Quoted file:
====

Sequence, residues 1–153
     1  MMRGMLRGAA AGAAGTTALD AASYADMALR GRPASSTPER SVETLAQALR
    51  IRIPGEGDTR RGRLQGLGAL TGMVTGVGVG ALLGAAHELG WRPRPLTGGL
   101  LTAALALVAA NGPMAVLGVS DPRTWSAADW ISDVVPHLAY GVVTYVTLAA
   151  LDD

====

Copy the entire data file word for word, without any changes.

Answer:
Sequence, residues 1–153
     1  MMRGMLRGAA AGAAGTTALD AASYADMALR GRPASSTPER SVETLAQALR
    51  IRIPGEGDTR RGRLQGLGAL TGMVTGVGVG ALLGAAHELG WRPRPLTGGL
   101  LTAALALVAA NGPMAVLGVS DPRTWSAADW ISDVVPHLAY GVVTYVTLAA
   151  LDD